I think in general a lot of people have “subscription fatigue” and are tired of paying monthly for some services which they are increasingly questioning the value of (to them). I see Spotify eventually being purchased by another company that will use the service more as a “lure” to get customers through the door to use the main component/entity (hardware/software/more significant services) of their business that keeps the lights on and more.
 
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78Bandit

macrumors 6502a
Jun 13, 2009
683
1,234
Without exclusive deals (which I absolutely hate) the differentiation between streaming music providers is price and quality of user experience. Tidal's claim is the lossless quality of their music; however, the reality is unless you are streaming through a dedicated amplifier and expensive headphones/speakers 99.9% of users will never be able to tell the difference between a Tidal stream and a Spotify stream. A set of Beats headphones hooked up to a smartphone is going to sound pretty poor simply because of the power limitations of the DAC chip.

I'm all for competition. Tidal can either step up its game and provide a service a sufficient number of users are willing to pay for or they can shut down. Even Microsoft couldn't make it work and is shutting down its Groove music subscription service at the end of the year. I just don't think they will be able to compete with Spotify, Pandora, Apple, and Amazon.
 
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jonnyb098

macrumors 68040
Nov 16, 2010
3,042
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Michigan
EVERY streaming service is a money pit. The only reason Apple might end up being king is because they have so much cash to be able to pursue it as a passion. There no way to make any significant profit until the music industry gets rid of ALLLLL the middle men. Or streaming goes up to $20 + per month which many wont pay.

Spotify makes a great product but their app doesn't integrate with Siri and they have a really poor iPad experience ( no split screen ). For that alone Apple music is king for me. On top of that, my current library of 5000 songs is integrated right in.
 
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tkermit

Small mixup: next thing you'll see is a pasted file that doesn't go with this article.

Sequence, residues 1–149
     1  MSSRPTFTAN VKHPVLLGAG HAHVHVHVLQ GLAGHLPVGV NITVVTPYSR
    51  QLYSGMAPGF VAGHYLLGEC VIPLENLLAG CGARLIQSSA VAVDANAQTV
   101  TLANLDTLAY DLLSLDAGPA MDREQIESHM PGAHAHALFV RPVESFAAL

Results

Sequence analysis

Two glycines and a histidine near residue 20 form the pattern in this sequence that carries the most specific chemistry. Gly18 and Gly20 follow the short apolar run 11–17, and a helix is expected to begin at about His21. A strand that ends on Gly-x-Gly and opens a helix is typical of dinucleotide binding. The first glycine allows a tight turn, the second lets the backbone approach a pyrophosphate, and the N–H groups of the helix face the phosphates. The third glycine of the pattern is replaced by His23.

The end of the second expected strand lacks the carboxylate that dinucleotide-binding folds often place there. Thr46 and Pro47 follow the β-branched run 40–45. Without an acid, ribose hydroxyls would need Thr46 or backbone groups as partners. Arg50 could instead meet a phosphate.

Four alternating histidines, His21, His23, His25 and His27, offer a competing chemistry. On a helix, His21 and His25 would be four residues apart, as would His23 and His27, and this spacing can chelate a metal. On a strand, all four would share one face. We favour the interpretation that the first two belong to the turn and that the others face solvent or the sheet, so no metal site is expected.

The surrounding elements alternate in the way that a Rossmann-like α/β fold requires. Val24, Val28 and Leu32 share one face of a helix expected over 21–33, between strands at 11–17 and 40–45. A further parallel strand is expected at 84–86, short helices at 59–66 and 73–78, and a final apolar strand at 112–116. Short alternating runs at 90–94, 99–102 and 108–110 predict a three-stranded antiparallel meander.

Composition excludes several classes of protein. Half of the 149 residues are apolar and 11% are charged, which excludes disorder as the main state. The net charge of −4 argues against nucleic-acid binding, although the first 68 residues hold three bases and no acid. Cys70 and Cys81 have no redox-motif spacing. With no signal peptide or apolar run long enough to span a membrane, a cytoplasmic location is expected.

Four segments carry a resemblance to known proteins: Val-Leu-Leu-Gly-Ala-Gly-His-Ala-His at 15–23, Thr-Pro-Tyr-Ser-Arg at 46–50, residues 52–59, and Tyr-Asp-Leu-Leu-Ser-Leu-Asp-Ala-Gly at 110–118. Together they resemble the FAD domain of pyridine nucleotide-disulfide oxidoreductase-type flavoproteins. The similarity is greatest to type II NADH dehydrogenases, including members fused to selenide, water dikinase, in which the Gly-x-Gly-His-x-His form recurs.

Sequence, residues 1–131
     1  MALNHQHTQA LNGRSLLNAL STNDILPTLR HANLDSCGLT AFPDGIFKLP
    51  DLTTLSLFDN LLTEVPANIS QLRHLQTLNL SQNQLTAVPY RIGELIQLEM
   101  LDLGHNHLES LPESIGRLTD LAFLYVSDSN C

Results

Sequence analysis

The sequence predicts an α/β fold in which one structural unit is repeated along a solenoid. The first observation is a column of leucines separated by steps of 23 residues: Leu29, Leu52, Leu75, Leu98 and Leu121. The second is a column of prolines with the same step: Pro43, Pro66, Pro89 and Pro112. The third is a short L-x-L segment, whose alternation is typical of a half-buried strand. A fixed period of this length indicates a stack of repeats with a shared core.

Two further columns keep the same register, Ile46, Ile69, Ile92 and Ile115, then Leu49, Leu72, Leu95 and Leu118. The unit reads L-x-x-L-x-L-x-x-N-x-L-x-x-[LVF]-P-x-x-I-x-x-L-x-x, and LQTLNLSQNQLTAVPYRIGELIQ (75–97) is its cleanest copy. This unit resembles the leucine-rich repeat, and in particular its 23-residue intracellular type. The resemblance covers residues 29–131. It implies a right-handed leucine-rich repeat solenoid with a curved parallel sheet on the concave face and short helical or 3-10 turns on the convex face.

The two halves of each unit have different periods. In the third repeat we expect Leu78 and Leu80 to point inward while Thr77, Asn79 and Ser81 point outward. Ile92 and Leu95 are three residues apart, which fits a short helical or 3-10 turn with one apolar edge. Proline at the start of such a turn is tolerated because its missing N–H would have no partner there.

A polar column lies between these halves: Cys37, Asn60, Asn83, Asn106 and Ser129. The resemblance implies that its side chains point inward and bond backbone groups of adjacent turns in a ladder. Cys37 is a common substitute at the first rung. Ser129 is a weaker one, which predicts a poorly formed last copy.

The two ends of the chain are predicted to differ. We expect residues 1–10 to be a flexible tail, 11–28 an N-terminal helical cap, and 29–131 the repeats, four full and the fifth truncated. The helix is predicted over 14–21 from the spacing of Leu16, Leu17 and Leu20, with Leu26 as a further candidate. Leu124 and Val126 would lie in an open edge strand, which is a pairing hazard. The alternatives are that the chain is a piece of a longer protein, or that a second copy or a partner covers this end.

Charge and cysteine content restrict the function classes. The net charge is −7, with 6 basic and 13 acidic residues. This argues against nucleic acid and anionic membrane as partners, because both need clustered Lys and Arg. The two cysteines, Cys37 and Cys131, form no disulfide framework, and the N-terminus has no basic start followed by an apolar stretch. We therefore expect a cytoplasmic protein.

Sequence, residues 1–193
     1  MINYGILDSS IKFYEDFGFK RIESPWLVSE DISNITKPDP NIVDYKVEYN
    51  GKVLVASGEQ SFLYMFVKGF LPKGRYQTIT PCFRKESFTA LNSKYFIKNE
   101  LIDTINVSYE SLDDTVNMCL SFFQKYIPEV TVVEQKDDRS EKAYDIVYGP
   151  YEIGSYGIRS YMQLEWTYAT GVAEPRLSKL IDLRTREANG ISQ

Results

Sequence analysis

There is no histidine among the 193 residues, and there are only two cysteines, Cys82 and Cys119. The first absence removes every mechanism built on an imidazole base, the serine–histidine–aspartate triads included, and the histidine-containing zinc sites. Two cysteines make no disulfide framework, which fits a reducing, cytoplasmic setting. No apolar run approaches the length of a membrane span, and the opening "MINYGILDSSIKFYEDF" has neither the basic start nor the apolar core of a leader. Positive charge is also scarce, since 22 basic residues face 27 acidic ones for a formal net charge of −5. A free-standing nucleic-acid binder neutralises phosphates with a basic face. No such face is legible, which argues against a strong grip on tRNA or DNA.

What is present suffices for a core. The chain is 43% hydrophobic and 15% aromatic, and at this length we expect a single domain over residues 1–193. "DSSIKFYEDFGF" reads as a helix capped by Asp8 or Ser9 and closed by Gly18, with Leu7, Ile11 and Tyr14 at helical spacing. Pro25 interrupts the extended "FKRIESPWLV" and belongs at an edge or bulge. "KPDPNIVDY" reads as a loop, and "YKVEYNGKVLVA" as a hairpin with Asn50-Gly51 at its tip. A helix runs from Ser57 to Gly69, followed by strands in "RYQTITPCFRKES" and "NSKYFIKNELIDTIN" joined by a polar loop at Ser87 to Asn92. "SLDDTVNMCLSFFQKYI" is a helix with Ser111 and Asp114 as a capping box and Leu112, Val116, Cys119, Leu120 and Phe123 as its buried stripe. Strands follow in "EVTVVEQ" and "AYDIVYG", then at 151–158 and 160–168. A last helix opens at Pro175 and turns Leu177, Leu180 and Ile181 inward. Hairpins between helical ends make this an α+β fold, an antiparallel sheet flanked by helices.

macrumors 68040
Feb 20, 2004
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I see Spotify eventually being purchased by another company that will use the service more as a “lure” to get customers through the door to use the main component/entity (hardware/software/more significant services) of their business that keeps the lights on and more.
Sort of expected Microsoft to snatch them up before Groove Music had folded
 
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BODYBUILDERPAUL

macrumors 68000
Feb 9, 2009
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I think in general a lot of people have “subscription fatigue” and are tired of paying monthly for some services which they are increasingly questioning the value of (to them). I see Spotify eventually being purchased by another company that will use the service more as a “lure” to get customers through the door to use the main component/entity (hardware/software/more significant services) of their business that keeps the lights on and more.

I totally agree. £20 here in the UK a month to rent music. It's crazy, people's incomes in the UK are at a all time low. Apple puts its prices up 20%. Mobile phone contracts, broadband, Netflix etc is a large amount of money on top of the usual rent, car leasing, food, gym, travel, education etc. The problem is, these rental markets are just too saturated and easily forgotten. Here in the UK, EE mobile is constantly trying to give me Apple Music for free for 6 months but i'm not prepared to try it whilst it's integrated into iTunes. I value my iTunes library - its taken me years to build and when i read on MacRumors of people losing tracks etc etc because of AM, it was a no way. I guess if AM had a separate app well away from my music and playlists then... maybe. But then, i'd rather pay £10 a month for iTunes downloads.
 
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sonamo

macrumors member
Jan 23, 2014
61
27
California
A few years back, before I heard about Tidal, I was still buying CDs for high-quality digital tracks. I'm a believer that the sound quality of digital music shouldn't get worse as we have made the transition away from CDs.

The catalog of Tidal is on par with all the other services. While there are other services like Deezer that offer lossless tracks, that subscription is really just for Sonos users, and Deezer doesn't have a desktop app and iPhone app for lossless. So Tidal really is one of a kind to me.

I hope that Tidal can do alright and stick around because it's my favorite service by far
 
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Applebot1

macrumors 6502a
Jan 4, 2014
689
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UK
Like many have pointed out for average user price is the defining factor which ultimately is the biggest problem for these streaming companies. We will see more fold in the coming years.
 
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sgroovez

macrumors newbie
Dec 13, 2017
2
1
Not one of the streaming companies is profiting. Watching all of them will be interesting. I am hopeful that MQA audio becomes more of a standard for all streaming media companies. That will make all of us audiophile's happy!